He is a soft spoken, apparently deadly serious young man educated at Boston's Emerson College and at Yale University, and dedicated to the acting profession. He was born in New York City, the only son of Ilse and Harry Winkler, president of an international lumber corporation. He is unusually articulate, and, according to Russo, very cooperative, going far beyond the call of duty in promoting personal appearances here and in Hartford and Springfield.

"No one had to twist my arm to visit Providence. I spent a lot of time in New England and I like it there," he said. Then he paused a moment. "Warwick! I" remember going to
Warwick once as a fraternity initiation prank. I had to drive there, then contact, the sheriff or police chief on duty."

He says he turned down four series offers -two to play The Fonz in the '50s, another to play The Fonz in the '70s with a wife and family, and one to play the AI Pacino role in Serpico. (David Birney eventually did that one in a pilot renamed “The Deadly Game” to be presented by NBC Saturday night.)

Winkler's proudest film acting so far was in the ABC movie, “Katherine,” in which he played a young radical. ("That was' my finest moment on celluloid,” he says.) Winkler also was featured in two other movies, “The Lords of Flatbush” and “CrazyJoe.”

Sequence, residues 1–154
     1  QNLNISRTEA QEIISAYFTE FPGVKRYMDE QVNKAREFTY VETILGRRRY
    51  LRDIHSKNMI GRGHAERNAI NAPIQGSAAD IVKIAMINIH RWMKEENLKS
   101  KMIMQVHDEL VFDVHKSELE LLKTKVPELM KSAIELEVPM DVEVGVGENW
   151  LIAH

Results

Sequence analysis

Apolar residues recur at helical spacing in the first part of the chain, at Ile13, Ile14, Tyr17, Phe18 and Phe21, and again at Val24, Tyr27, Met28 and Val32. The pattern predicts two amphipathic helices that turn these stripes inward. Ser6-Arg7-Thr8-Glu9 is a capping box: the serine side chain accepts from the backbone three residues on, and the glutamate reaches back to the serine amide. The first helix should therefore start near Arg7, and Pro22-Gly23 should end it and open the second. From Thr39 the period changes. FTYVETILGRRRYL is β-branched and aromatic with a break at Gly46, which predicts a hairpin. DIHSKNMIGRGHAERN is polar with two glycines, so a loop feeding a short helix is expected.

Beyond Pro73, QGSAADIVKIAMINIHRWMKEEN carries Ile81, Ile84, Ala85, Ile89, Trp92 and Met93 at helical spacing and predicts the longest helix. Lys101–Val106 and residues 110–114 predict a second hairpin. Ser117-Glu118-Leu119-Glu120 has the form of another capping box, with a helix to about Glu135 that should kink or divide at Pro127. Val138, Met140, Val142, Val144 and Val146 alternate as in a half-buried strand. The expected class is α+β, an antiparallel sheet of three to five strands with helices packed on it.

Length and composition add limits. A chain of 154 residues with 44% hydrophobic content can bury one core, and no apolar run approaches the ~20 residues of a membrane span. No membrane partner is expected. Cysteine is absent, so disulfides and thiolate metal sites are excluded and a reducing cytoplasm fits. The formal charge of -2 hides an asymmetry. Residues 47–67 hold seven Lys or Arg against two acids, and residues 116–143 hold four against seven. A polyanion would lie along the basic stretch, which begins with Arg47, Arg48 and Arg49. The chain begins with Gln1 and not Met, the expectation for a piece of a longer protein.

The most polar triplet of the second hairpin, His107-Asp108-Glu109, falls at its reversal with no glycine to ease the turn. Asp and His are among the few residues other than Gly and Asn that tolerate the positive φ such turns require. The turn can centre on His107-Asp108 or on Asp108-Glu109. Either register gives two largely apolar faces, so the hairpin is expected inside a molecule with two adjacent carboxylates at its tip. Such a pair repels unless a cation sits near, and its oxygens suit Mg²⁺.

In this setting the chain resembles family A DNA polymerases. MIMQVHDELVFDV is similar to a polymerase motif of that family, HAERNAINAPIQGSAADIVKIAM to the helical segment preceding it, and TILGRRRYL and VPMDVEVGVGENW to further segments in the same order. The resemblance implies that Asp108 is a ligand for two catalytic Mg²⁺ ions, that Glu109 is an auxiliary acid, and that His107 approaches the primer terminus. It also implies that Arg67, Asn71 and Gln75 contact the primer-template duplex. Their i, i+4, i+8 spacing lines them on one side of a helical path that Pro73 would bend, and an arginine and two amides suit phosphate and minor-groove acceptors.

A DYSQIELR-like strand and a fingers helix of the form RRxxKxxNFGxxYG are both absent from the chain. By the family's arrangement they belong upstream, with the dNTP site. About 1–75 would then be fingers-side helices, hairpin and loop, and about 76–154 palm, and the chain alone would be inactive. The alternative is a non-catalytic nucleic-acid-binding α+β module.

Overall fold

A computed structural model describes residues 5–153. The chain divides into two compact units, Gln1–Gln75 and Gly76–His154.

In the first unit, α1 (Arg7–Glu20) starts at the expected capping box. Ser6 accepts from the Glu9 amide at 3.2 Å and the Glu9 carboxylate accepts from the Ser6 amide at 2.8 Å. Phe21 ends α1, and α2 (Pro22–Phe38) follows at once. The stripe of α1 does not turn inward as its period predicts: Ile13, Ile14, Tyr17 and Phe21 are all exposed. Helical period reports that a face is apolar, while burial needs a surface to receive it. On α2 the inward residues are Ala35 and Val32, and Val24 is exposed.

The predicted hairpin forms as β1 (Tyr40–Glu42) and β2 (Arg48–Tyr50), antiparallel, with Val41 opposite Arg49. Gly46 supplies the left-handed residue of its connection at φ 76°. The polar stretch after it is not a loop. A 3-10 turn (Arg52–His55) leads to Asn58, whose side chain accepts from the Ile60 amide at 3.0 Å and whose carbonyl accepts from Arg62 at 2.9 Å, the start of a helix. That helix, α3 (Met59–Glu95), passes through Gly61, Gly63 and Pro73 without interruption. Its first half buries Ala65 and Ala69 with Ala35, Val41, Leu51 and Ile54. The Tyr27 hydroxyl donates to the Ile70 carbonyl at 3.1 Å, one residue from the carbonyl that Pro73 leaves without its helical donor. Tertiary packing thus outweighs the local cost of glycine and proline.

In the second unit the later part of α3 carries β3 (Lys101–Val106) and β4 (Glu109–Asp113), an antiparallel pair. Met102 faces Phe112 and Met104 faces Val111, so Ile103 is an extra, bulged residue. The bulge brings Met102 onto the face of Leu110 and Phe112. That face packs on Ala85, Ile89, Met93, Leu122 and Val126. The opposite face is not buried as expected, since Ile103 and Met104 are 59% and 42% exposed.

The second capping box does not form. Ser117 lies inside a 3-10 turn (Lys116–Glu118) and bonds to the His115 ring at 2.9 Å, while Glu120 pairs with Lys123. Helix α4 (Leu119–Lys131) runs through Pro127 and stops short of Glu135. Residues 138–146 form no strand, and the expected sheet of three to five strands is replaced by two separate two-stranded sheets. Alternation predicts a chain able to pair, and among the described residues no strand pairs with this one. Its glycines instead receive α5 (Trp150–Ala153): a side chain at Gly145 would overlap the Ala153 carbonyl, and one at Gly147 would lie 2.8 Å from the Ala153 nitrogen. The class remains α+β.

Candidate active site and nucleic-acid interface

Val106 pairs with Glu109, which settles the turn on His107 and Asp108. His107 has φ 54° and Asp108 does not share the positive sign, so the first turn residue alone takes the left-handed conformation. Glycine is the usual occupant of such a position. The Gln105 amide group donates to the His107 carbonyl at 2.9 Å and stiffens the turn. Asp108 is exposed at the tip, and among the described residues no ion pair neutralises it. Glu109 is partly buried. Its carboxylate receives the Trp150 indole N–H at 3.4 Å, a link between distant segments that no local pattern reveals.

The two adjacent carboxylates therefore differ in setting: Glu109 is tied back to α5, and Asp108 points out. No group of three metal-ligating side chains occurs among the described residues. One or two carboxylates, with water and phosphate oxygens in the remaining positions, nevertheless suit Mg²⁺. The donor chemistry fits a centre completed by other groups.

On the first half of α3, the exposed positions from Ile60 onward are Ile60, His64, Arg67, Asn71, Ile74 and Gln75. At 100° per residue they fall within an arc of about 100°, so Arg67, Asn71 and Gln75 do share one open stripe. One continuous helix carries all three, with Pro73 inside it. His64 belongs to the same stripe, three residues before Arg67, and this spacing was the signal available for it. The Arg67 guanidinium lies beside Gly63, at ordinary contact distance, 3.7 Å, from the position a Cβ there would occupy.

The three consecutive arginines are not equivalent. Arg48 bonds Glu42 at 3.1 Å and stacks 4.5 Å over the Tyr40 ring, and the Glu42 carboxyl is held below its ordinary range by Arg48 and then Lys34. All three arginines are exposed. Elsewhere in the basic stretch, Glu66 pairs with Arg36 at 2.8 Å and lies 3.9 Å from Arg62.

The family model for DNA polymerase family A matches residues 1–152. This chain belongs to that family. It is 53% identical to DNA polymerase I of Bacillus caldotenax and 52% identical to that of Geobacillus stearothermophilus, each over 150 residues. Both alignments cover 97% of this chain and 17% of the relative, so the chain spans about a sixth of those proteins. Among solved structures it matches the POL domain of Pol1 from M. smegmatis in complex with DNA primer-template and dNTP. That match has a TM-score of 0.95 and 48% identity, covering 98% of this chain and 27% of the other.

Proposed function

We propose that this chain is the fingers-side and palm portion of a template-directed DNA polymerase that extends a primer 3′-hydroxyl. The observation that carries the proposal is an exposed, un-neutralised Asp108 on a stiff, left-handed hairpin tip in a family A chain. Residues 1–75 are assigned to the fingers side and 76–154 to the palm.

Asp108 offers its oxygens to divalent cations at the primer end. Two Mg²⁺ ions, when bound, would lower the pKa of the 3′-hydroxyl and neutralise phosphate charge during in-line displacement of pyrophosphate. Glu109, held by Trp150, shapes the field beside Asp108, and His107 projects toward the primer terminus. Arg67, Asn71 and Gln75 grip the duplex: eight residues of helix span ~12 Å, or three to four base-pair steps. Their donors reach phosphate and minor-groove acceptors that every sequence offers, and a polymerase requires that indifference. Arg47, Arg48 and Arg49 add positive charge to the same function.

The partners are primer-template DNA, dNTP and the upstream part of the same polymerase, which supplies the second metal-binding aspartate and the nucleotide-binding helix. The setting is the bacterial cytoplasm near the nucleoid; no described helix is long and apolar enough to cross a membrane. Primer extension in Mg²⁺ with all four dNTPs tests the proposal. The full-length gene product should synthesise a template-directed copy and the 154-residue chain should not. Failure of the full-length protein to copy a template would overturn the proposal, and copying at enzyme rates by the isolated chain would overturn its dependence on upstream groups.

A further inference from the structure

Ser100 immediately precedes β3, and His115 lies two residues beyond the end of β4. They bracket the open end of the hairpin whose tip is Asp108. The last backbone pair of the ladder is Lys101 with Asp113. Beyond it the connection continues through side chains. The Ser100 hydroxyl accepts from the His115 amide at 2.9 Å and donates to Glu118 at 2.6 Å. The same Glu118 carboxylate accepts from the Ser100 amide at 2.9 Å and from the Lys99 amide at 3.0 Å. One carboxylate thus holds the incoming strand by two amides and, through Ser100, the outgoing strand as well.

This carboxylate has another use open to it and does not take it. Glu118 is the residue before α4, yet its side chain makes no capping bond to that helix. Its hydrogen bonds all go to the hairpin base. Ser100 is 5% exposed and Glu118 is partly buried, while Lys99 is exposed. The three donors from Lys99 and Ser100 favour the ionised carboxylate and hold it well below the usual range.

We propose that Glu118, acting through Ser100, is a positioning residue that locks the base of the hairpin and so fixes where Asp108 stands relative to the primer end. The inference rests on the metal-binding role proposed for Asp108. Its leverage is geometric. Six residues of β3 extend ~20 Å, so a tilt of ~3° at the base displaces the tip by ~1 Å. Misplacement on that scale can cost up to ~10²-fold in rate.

Unlike The Fonz, Winkler is not fond of motorcycles. ''I've seen too many people ripped up in motorcycle accidents. But to those who want to ride them, I say ride them in good

Yet Winkler says that when he is acting he generates energy that allows him to do things he ordinarily wouldn't attempt. Like when he ran in front of a car for a scene in “The Lords of Flatbush.”

"I got hit by that car nine times because we couldn't afford a stunt man."

Did he get hurt?

"Only a few bruises, but it felt good."

Winkler says it's all part of his profession, something he decided to enter "when I was 7.
And I've been studying acting ever since."

Oh yes, one other question ...

Winkler was anticipating it:

''I'm not married, and don't intend to be for along time. But tell your readers I think women are wonderful.”

Two years after our interview, Henry Winkler got married — to Stacey Weitzman. For the past several years he has been one of the country's busiest actors making multiple appearances in such series as "Parks and Recreation," "Children's Hospital," "Royal Pains," "Hank Zipzer," "Arrested Development," and "Barry," for which he won an Emmy award as best supporting actor in a comedy series. This page was last checked this year (2023), and Winkler, at 77, is still very active.